Fabulous Diamonds have lost their innocence. Where their first album, let’s call it 7 Songs, was a mere extension of the elementary nonchalance of their earlier EP –drummer and vocalist Nisa Venerosa’s caustic observations offered up in lucid fidelity over a clumsy convergence of drums, synths and saxophone –the second, Fabulous Diamonds II, was more abstracted. Representative of the legendarily combative relationship between Venerosa and band mate Jarrod Zlatic, the tension of that album’s unrelenting forward-thrust was most succinctly prefaced by a pissed-off Venerosa reproaching Zlatic for counting time too soon on record. That volatility, whether it be between band members, their divergent stylistic preferences or with their chosen instruments, is an energy Fabulous Diamonds thrives on. So what happens when that energy fades?
Naming their latest album Commercial Music and christening the track listing with actual song-titles where they could (a ‘???’ standing in for where they wouldn’t) Fabulous Diamonds’ third full-length offers a powerful sense of eye-rolling dejection. Six tracks come to 40 minutes of trundling through a mire of eerily compressed reverb that obscures Venerosa’s sharp though ever-obtuse wit, and lowers everything else into a cumulus of sounds –synthetic and otherwise. But as the Proustian adage goes, “the beauties that one discovers soonest are also those of which one tires most quickly”, which certainly applies to Fabulous Diamonds’ evolving oeuvre. It’s no longer in the lumbering synthesis of two autodidacts still figuring out their instruments that one finds a gob of fleeting pleasure, but in the compositional subtleties of Commercial Music. These are harder to find but easier to hold on to once discovered.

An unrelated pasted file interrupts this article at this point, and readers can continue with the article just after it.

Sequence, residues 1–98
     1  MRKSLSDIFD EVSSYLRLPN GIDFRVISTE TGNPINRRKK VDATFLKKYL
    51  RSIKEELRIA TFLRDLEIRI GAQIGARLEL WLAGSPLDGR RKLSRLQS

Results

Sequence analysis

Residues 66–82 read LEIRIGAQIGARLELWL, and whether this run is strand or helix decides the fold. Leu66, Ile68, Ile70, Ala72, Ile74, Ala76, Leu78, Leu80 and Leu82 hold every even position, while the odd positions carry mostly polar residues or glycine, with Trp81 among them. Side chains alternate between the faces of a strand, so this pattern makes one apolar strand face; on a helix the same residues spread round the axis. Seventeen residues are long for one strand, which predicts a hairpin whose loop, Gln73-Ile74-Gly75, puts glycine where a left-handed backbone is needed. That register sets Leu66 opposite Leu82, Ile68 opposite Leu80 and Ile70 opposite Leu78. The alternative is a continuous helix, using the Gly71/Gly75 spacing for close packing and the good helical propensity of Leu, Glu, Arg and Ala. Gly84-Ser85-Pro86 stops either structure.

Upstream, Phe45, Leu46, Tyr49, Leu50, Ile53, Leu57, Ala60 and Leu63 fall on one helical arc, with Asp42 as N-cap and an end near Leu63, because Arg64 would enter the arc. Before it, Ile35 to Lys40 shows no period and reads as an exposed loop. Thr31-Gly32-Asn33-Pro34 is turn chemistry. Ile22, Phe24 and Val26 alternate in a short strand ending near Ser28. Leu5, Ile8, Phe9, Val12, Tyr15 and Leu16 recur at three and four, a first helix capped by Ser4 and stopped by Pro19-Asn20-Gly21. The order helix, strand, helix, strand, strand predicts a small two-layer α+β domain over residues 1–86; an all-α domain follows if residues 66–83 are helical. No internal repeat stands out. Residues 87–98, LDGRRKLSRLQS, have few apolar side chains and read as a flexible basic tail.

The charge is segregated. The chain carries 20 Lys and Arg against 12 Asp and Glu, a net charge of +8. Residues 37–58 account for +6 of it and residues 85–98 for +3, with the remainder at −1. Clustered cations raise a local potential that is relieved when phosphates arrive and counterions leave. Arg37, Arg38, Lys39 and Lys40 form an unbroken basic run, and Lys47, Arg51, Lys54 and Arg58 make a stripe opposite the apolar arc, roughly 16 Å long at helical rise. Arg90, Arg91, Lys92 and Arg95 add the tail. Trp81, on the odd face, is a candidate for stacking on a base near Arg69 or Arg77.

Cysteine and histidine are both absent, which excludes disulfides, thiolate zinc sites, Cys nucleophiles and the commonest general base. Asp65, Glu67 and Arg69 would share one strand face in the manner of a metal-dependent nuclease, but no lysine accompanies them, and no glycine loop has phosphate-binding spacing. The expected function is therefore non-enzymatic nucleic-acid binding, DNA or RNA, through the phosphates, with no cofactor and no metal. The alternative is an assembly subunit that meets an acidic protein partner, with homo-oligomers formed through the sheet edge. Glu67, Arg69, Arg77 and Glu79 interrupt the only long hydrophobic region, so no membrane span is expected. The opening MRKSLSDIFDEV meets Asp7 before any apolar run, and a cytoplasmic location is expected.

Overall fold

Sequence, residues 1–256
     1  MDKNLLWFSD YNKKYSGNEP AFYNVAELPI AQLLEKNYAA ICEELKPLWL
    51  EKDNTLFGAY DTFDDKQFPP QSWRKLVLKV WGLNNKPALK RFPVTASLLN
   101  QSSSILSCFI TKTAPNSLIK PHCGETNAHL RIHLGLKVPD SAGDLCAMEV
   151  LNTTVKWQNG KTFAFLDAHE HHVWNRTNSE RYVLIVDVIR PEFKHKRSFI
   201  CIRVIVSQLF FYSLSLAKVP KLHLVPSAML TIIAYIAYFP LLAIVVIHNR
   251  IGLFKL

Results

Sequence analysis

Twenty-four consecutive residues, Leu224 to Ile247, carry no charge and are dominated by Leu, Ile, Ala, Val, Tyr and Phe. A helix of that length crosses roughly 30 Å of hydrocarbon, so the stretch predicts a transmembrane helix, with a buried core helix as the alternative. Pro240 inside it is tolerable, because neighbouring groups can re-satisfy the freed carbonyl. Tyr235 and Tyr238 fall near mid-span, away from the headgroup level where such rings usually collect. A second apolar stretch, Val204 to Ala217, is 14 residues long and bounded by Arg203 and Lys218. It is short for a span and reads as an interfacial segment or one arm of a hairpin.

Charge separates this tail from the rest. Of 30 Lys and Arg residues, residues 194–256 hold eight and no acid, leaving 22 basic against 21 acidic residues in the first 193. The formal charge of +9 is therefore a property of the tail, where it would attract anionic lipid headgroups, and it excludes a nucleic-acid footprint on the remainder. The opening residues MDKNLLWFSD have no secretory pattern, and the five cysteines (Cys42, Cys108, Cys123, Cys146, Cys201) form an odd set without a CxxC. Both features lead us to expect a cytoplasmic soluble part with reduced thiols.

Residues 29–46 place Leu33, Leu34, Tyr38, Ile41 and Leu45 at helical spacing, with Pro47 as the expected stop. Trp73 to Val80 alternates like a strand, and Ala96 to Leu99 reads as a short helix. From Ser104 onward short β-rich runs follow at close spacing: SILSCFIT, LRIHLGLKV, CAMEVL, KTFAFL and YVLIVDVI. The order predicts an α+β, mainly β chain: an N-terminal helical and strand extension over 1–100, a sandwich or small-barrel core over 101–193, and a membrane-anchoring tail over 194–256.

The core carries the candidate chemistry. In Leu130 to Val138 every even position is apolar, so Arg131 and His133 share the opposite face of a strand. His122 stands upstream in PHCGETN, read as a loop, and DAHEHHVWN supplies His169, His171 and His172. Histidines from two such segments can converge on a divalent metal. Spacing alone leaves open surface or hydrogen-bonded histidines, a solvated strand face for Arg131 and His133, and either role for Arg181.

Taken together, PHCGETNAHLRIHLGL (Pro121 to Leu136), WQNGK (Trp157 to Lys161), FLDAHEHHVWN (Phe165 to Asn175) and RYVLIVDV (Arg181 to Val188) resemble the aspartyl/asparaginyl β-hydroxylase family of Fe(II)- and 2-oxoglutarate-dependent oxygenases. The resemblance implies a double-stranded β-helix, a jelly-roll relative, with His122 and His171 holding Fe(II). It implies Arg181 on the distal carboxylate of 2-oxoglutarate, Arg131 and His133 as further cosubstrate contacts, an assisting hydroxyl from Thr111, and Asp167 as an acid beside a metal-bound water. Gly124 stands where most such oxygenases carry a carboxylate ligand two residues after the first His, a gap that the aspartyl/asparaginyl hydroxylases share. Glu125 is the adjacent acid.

Always keeping their audience guessing, Fabulous Diamonds instills it with a heightened sense of confused unknowingness from the outset. Seemingly freeform though fully-composed pieces generate an overpowering sense of evasive cynicism, as slow-burning album opener ‘Inverted Vamp’ casually churns out a feeling of mundane desperation, while closer ‘Downhill’ works itself into a final fit of anxiety over a 10-minute stretch. Meanwhile, synth samples linger atop a chasm of manipulated sounds and echoes through a half-arsed duet in ‘Lothario’, while unease wavers over the delayed drumming of ‘John Song’. That track’s shrouded lyrics, now captured, reveal the truly brilliant pop inversion Commercial Music is meant to be; Venerosa and Zlatic howling, “John can’t dance no more, he’s doing ‘the face on the floor’,” as if this were the drug binger’s ‘Macarena’, Fabulous Diamonds-style.
At first glance, it’s as if the band have given up altogether; falling in line with a simulation of what Fabulous Diamonds should sound like, rather than what they do. But having moved on to various other projects since starting in roughly 2005 –namely the more electronic leanings for Zlatic and organic ones for Venerosa –Commercial Music is the most fully realised account of the duo’s contrasting aesthetic (and Fabulous Diamonds’ core strength) yet. Because even as Venerosa makes a limp-wristed effort at emulating a drum machine to suit the in vogue trend toward a fully electronic set up, luckily for us, she fails spectacularly; a testament to apathy being one’s greatest asset.
Label: Chapter Music
Release Date: August 2012